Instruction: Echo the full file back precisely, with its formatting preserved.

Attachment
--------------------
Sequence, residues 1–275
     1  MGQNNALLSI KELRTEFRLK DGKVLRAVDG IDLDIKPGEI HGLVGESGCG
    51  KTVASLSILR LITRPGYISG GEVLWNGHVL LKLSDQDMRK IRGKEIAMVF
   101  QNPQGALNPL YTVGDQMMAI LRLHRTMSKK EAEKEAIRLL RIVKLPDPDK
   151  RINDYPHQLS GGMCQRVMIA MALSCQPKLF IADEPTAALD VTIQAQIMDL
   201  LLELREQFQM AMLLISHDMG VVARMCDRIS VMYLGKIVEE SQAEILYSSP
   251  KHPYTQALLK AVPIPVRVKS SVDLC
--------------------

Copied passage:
Sequence, residues 1–275
     1  MGQNNALLSI KELRTEFRLK DGKVLRAVDG IDLDIKPGEI HGLVGESGCG
    51  KTVASLSILR LITRPGYISG GEVLWNGHVL LKLSDQDMRK IRGKEIAMVF
   101  QNPQGALNPL YTVGDQMMAI LRLHRTMSKK EAEKEAIRLL RIVKLPDPDK
   151  RINDYPHQLS GGMCQRVMIA MALSCQPKLF IADEPTAALD VTIQAQIMDL
   201  LLELREQFQM AMLLISHDMG VVARMCDRIS VMYLGKIVEE SQAEILYSSP
   251  KHPYTQALLK AVPIPVRVKS SVDLC